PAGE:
Most of us are familiar with the Mother Archetypes in our society–one of which is the passive-aggressive mother who tries to make you feel guilty for living your own life because it doesn’t coincide with what she wants or needs. As exemplified by messages like “I had to go to the doctor yesterday…in case you care…”
A friend of mine is dealing with this sort of mother, who has a long track record of showing little or no concern for her daughter’s happiness, nor at all appreciative of her daughter’s wonderful qualities. Her only contribution to the mother-daughter relationship is criticizing, dismissing, minimizing her daughter’s feelings, wishes or challenges.Â
Recently my friend was victimized by her mother’s guilt trips about not “coming home” enough (out of state), and that it was somehow a mistake to move so far away from family. The point that seems to be missed by overbearing, passive aggressive, self-absorbed mothers like this, is that if your daughter feels like she has to move to ANOTHER STATE to get away from you and be happy, there’s an issue that isn’t about your daughter’s poor choices.
This friend of mine is currently worried about her grandmother’s health, and that she might not be around much longer. And she’s anticipating the issue of her grandmother dying, and then knowing she simply cannot afford the trip back to her family’s state. She had just made one recently to deal with other dramas in the family and can’t do it again anytime soon. She’d probably have to take a week off from work again, like she did when her grandfather died, and she can’t ask for more time off for awhile without endangering her job and her financial status. She was already making up the time she missed to go home recently, by working late almost every day. So she anticipates the guilt-trips and emotional blackmail that will certainly follow, should her grandmother pass away anytime soon.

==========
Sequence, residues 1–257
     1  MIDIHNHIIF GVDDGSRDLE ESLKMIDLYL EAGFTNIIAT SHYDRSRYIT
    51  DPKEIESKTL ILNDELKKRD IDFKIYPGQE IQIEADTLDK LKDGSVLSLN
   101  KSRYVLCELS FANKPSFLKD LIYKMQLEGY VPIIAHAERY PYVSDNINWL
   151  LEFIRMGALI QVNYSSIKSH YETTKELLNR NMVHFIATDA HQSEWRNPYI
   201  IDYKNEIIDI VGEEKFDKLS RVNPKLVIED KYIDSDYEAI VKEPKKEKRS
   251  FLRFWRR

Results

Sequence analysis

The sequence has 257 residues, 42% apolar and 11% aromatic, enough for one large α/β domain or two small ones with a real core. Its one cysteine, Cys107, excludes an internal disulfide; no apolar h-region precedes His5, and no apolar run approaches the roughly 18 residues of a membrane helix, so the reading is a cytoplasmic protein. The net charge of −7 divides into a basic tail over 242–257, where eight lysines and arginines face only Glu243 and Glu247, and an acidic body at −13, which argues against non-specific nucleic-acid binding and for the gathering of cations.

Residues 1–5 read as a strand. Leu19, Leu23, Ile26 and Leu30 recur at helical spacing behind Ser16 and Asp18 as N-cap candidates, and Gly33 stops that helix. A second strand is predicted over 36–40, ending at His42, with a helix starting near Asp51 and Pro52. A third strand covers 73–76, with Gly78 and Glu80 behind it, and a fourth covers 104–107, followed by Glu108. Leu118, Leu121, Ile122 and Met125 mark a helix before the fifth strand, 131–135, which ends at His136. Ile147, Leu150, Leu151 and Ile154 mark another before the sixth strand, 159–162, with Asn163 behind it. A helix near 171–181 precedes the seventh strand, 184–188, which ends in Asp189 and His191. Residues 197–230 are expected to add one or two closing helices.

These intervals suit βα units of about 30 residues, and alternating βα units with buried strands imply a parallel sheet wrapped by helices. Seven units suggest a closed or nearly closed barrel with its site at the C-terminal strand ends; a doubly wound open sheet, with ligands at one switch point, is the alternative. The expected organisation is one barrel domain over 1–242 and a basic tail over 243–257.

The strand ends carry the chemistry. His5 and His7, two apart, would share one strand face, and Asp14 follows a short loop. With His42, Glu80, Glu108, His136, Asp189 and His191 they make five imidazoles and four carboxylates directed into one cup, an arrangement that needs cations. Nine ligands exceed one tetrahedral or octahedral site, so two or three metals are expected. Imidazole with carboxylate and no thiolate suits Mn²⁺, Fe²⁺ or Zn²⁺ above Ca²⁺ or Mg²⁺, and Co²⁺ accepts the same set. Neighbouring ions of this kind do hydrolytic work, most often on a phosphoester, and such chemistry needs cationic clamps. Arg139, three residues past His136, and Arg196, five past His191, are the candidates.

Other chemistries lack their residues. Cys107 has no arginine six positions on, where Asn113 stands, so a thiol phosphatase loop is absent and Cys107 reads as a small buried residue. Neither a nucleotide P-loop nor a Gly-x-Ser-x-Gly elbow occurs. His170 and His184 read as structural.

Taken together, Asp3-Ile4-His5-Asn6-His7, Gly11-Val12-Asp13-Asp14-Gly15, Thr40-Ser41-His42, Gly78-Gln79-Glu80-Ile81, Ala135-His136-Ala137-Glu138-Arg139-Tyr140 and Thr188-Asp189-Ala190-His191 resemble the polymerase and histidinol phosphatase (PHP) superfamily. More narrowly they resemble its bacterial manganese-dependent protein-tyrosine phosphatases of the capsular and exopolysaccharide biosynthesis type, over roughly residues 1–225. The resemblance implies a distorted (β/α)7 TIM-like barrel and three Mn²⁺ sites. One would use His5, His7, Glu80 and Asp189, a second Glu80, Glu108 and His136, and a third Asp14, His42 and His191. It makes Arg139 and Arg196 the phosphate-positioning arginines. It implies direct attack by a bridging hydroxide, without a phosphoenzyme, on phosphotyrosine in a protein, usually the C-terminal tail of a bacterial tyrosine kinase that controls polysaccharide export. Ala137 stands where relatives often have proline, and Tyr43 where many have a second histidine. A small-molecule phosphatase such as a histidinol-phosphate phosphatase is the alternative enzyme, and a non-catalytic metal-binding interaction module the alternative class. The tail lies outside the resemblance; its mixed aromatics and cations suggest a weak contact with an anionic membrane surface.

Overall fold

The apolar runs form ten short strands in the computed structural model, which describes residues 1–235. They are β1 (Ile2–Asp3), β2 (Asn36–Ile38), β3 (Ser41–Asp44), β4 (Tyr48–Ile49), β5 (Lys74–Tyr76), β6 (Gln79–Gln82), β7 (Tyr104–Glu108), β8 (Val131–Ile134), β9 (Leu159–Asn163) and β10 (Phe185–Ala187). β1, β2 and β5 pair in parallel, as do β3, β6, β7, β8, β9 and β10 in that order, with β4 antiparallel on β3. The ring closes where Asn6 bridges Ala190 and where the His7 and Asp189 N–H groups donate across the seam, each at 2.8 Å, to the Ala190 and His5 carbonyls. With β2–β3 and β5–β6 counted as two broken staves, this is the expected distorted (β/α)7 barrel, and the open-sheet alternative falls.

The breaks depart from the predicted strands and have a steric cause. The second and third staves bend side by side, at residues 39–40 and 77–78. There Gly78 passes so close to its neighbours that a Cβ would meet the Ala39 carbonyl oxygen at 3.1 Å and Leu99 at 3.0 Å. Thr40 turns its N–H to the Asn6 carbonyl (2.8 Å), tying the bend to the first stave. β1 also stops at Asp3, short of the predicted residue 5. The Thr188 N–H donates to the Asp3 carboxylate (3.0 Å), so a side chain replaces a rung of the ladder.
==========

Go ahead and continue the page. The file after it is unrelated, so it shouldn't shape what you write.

I could see that the situation could use some reframing.
So I told my friend that we now live in a different world than the generation of her mother. People are moving around more and the economy is in the toilet and everyone is struggling. The point is, you can only do what you can do, and the guilt trips from her mother are about her mother’s issues, not anything my friend is doing wrong.
I said that people nowadays miss things like funerals and weddings and hospital visits, because life is hard, finances are strained, and we’re all generally scattered and not living near our parents and other relatives.
And the deeper issue here is that whether or not you believe in souls, it’s about that person who died, and your relationship with them–not your relationship with everyone else. If they do have a soul and there is some higher existence after the death of the body, then they would not have petty human emotions anyway, would know you love them and wanted to be with them to say goodbye or honor them at a memorial or funeral if you could. And they would feel your love for them no matter where you were geographically. So the guilt-trip aspect puts limits on the limitless nature of something like that.
Contrarily, if you don’t believe in the soul and any form of life after death, then it’s that the person has died and is completely unaware of anything anyone does and so it’s a moot point.
So the feelings of the other people about what you are and are not doing to honor a loved one who has died, is THEIR ISSUE and has little to do with who you are, or what you’re responsible for. All in all her mother’s arguments against my friend’s decisions and her choice of where she calls home is about what her mother wants and needs and has nothing to do with what her daughter wants and needs, so ultimately, it’s all about being selfish and not about being loving or supportive. Thus, it’s her mother’s issue and my friend doesn’t have to get sucked into that void.